Also helpful in the literature for survivors is the discussion of the trauma bond, which is so common in relationships with psychological abusers. Patrick Carnes’ work The Betrayal Bond: Breaking Free of Exploitive Relationships (1997) is also helpful in understanding what a trauma bond looks like and how a survivor can psychologically sever the tie connecting them with their abuser. Carnes’ addresses the need to establish healthy connections with a community of support, establish and reinforce healthy boundaries with others, increase self-acceptance, psychoeducation of abuse cycles, and reclaiming an empowering narrative of recovery (pg. 165).
Individuals impacted by psychological abuse need and deserve support by skilled trauma-informed clinicians who understand narcissistic abuse. We are living in a day and age where we can see narcissistic abuse present on many levels, be it in politics, community, work, home or love relationships. One of the first steps in healing from narcissistic abuse is the psychoeducation of this insidious form of psychological abuse. Subsequently, survivors are most helped by skilled strengths-focused, trauma-informed clinicians who understand the subtle nuances of narcissistic abuse recovery. Trauma work is often multi-dimensional and complex, just as recovery from C-PTSD could be described as excavating through various layers of healing. With compassionate and informed help, survivors have an excellent opportunity to reclaim wellness and begin a new chapter of wellness and inner peace.
**the author of this article, Andrea Schneider, MSW, LCSW, is currently writing a workbook for survivors of narcissistic abuse, a follow-up to her first ebook, Soul Vampires: Reclaiming Your LifeBlood After Narcissistic Abuse (2015).
Carnes, Patrick (1997). The Betrayal Bond: Breaking Free of Exploitive Relationships, Health Communications, Inc.
Herman, Judith (1992). Trauma and Recovery: The Aftermath of Violence- From Domestic Abuse to Political Terror, Basic Books.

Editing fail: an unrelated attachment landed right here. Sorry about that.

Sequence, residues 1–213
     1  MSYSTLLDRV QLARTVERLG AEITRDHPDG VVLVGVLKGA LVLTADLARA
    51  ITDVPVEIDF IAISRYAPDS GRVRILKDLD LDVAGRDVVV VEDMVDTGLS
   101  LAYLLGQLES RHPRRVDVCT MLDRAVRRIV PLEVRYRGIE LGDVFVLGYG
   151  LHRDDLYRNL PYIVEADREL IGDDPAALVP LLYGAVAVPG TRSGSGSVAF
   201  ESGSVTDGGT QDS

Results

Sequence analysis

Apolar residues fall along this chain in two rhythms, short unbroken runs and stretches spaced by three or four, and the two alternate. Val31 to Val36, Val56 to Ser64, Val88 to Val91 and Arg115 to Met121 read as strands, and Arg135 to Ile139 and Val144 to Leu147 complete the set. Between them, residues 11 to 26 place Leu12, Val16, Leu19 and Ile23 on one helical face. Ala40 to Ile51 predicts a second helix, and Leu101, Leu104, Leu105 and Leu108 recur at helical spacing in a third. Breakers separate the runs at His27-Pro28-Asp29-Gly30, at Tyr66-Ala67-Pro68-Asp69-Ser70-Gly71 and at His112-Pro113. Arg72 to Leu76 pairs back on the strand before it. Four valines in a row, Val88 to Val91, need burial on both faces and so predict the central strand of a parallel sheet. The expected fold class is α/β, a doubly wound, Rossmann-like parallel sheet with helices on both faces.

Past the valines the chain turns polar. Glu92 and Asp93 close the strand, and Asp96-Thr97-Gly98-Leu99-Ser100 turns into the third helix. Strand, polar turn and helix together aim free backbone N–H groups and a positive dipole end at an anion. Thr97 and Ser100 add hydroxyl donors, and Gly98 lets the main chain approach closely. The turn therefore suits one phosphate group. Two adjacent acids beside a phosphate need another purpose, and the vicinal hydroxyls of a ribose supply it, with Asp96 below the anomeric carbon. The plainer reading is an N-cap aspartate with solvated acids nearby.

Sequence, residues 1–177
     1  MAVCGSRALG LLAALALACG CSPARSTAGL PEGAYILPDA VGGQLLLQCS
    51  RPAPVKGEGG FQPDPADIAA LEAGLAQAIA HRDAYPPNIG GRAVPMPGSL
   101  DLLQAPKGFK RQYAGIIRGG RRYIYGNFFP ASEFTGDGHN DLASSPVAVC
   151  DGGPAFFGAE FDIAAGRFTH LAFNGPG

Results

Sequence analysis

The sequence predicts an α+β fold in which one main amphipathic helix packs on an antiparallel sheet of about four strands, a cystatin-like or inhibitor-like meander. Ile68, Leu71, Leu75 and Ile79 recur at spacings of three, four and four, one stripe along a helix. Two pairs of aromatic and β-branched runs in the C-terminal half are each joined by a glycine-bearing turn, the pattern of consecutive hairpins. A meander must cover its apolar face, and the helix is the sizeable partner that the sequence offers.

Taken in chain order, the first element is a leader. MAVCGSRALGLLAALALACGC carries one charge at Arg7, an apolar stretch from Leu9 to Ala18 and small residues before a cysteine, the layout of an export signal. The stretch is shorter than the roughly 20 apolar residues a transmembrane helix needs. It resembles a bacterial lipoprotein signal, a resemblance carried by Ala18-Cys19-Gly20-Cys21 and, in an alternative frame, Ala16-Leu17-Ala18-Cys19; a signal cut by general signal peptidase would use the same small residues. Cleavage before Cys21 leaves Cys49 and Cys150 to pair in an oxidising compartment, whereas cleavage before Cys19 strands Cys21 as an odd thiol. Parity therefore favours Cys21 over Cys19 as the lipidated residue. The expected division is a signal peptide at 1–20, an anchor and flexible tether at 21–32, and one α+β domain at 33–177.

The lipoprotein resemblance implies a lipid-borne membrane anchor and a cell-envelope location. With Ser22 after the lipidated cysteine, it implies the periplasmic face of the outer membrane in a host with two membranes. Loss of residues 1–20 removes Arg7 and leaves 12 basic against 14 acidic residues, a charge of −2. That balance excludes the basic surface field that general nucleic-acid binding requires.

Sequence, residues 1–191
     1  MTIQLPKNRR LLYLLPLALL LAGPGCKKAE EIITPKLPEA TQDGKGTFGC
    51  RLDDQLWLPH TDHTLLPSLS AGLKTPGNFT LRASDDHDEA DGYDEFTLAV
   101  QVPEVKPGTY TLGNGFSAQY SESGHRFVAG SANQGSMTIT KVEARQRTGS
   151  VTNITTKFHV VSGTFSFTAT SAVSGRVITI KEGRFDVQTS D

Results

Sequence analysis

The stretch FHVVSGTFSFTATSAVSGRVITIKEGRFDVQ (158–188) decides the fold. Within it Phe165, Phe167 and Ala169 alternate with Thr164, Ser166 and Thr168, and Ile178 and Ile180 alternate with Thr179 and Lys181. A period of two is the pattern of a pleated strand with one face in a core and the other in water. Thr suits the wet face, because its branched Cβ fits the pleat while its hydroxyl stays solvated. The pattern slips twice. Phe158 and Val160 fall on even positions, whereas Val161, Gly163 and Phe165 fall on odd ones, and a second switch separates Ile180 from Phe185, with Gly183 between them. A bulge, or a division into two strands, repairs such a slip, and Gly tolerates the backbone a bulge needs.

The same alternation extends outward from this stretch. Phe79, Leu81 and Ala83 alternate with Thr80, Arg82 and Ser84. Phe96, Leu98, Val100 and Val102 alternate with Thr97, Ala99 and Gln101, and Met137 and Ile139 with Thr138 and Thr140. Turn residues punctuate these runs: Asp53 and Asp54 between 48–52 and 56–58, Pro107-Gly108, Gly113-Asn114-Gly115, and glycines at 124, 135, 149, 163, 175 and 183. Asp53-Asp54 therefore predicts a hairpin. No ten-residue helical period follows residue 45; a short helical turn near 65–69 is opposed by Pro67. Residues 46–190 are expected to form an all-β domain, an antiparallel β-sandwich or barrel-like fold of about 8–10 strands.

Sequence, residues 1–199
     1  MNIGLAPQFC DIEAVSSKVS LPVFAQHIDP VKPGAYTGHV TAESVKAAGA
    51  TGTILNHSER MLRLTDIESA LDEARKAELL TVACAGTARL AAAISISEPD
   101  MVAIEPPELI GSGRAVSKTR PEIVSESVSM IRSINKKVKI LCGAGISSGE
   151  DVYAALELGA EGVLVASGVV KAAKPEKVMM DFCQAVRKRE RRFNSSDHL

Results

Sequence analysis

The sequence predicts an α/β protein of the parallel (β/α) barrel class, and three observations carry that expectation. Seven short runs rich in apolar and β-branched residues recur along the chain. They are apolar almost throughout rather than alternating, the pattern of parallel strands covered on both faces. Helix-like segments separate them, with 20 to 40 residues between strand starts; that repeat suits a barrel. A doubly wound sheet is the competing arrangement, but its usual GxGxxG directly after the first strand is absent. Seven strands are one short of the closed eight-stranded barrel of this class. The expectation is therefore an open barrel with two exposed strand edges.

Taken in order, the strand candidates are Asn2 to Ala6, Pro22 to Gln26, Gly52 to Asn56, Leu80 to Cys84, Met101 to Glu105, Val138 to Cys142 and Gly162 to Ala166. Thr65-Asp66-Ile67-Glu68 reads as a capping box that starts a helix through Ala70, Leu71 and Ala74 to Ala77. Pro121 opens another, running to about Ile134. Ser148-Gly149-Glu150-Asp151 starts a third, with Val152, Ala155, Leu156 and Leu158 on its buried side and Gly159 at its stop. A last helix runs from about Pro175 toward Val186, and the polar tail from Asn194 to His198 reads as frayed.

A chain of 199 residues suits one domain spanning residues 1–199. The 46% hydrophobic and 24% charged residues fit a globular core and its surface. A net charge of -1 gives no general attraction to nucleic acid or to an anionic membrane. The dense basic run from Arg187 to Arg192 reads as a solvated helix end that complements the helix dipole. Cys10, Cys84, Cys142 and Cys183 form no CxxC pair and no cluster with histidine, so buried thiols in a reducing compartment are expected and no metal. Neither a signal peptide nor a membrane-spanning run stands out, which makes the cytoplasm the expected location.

Levine, Peter (2012). In an Unspoken Voice: How the Body Releases Trauma and Restores Goodness, North Atlantic Books.
Van der Kolk, Bessel (2015). The Body Keeps the Score: Brain, Mind and Body in the Healing of Trauma, Penguin Books.
Walker, Pete (2013). Complex PTSD: From Surviving to Thriving, Azure Coyote Books.
New Year, New Beginnings
Greetings all. May 2017 bring you good health, prosperity, balance, joy, adventure and peace. I hope that you have had some time to relax, restore, and rejuvenate over the holidays. I know for me, it has been an essential time of reflection, meditation, special connections with family and friends, hiking, and goal setting.
I always encourage my clients to begin the new year by reflecting on what they are proud of they have accomplished in the last year and to honor themselves for that achievement in some way. In turn, I recommend to those I work with that they also set new goals for the new year. Maybe those goals carry over from the year past; maybe they are new goals. It's always fulfilling when we have purpose and passion in our daily lives. Perhaps you are looking to solidify authentic connections with friends and family; maybe become more politically active, focus on health and renewal, cultivate a spiritual practice that serves you well and those you love.
I know for me, this winter holiday day gave me the opportunity to reflect and to take stock at what I wish to continue to incorporate in the new year. At the top of the list will be to weave in nature and hiking and a daily meditation practice. Relationships are always very important to me. I am honored to work with the many clients I serve. I am also very blessed to have a family and social support network that is rich and fulfilling, and which adds immeasurable joy to my life.
I challenge you...what changes will you make in this new year...for yourself, for the greatest good for all....and what accomplishments will you continue to manifest....reflect on that, and welcome the new year....
Andrea Schneider, LCSW
Andrea Schneider, MSW, LCSW